Ponzi Nation

Posted by: Matthew Goldstein on December 14, 2008

Wall Street trader Bernard Madoff allegedly defrauds the rich and famous out of tens of billions of dollars. Minnesota businessman Tom Petters allegedly fleeces hedge funds out of $3.5 billion. And socialite New York lawyer Marc Dreier may have duped some hedge funds into giving him hundreds of millions of dollars for an apparently bogus real estate scheme.

All of these scams are big and all appear to be some kind of Ponzi scheme, designed to take in money from new investors to pay-off earlier investors. A Ponzi scheme is one of the oldest financial frauds around. And many are referring to the Madoff caper as the biggest Wall Street fraud ever.

But derivatives consultant Janet Tavakoli may be onto something. In a note to her clients, she says the biggest Ponzi scheme of all may be the one that brought the world financial markets to its knees. And that’s the scheme that united Wall Street bankers with mortgage lenders in a bid to funnel more and more money into the market for supbrime homes loans. She says the packaging of iffy home loans into securitized bonds that could be sold to insitutional investors—many of them relying on borrowed money—was a system born to fail.

“The largest Ponzi scheme in the history of the capital markets is the relationship between failed mortgage lenders and investment banks that securitized the risky overpriced loans and sold these packages to other investors—a Ponzi scheme by every definition applied to Madoff,” says Tavakoli. “These and other related deeds led to the largest global credit meltdown in the history of the world.”

About a year ago, BusinessWeek made a similar point in an article about the two Bear Stearns hedge funds that collapsed in June 2007 and helped spark the credit crisis. The story focused on a novel type of collateralized debt obligation that the managers of the Bear funds used to tap funding from money-market funds. The CDOs which were widely copied on Wall Street helped fuel the market for these esoteric securities, along with the underlying housing boom.

In that article, BusinessWeek likened the new market that the Bear funds helped inspire a pyramid scheme. Or, as Tavakoli says, a Ponzi scheme.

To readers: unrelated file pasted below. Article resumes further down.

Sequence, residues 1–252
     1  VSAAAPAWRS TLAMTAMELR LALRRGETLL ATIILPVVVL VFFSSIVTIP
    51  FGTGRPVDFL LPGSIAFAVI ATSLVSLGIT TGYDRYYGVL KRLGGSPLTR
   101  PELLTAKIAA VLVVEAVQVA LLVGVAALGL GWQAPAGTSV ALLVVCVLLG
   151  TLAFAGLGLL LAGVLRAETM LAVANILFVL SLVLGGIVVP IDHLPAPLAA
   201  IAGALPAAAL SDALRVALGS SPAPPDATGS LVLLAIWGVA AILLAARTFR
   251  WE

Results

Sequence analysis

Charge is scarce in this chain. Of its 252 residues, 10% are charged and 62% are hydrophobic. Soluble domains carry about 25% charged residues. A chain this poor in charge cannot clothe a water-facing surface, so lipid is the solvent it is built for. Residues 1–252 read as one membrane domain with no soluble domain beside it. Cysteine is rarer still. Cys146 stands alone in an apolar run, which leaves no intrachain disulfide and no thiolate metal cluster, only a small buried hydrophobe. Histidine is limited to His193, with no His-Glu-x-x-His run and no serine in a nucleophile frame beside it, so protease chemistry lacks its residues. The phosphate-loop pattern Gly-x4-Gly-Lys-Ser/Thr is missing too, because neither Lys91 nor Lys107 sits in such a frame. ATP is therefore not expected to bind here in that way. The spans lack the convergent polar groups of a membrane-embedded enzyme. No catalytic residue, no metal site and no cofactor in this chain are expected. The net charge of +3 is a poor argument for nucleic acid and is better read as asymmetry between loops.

One of the hallmarks of a Ponzi scheme is an investment vehicle that generates consistent, steady returns. That’s what discourages investors from pulling too much money out of the fund—the event that ulimately causes a Ponzi scheme to collapse. One reason so many wealthy people showered money on Madoff is that his fund generated predictable returns—rain or shine.

The Bear funds similiarly generated steady and stable returns before the bottom fell out of the subprime mortgage market. In the final months before the Bear funds collapses, Ralph Cioffi and Matthew Tannin scrambled to find new investor money and other sources of funding. This past summer, federal prosecutors charged Cioffi and Tannin with deceiving investors about the health of the funds and actively discouraging investors from pulling their money out.

Cioffi and Tannin were the first Wall Street executives charged in the financial meltdown. Now you can add Madoff’s name to that list and more are sure to follow. One thing the credit crunch is unearthing are lots of long running scams. Just as money has dried up for legitimate businesses, there’s no money to keep the Ponzi machine going.

Reader Comments

Karl

December 14, 2008 2:06 PM

Maybe the biggest Ponzi Scheme in the world is simply the United States of America!!!! Look at our stock market, as an example! One year ago today the Dow closed at 13,340. It's now at about 8,650, but that's with OVER $200 BILLION that the FED injected into the Banking System earlier this year BEFORE the $700 BILLION was even a reality!!!! Now, the $700 BILLION grows another $100 BILLION to equal $800 BILLION! And don't forget about China's $500 BILLION that they have/HAD in Treasury bonds! Is it still there? Did they take it out? What about China's other $1 TRILLION that they had invested in the USA, besides the $500 BILLION in Treasury bonds? Did they take it out of the USA? Perhaps the entire U.S. economy is, and HAS BEEN, the biggest PONZI SCHEME in the WORLD? We'll soon find out when '4th QUARTER RESULTS' are posted in January! That's when the TRUTH should all come out!!! Go Harvard!!!!! Go BusinessWeek!!!!! P.S. If investors go to "cash-in" their stocks, 401K's, IRA's......in January & it's NOT there, then the U.S. economy WAS nothing but a PONZI SCHEME, correct? I hope I'm wrong & all is well in the USA, but I'd hate to have money invested in the stock market right now. 90% of all those 401k's & IRA's are invested in the stock market!!!! Say a PRAYER that all is well. Happy Holidays!

Vince

December 14, 2008 2:30 PM

Yes Karl, the us economy is a ponzi scheme. It's also refered to as the Capatlist, boom and bust theory. Some people get rich, most are left eventualy to defend for themselves. Then the process starts all over again, after you have a recession or depression like we are now entering.

Chuck Gaffney

December 14, 2008 2:40 PM

Let's not forget to add Social Security and College Tuition to the list of Ponzi schemes

Carl P

December 14, 2008 2:45 PM

....And many are referring to the Madoff caper as the biggest Wall Street fraud ever.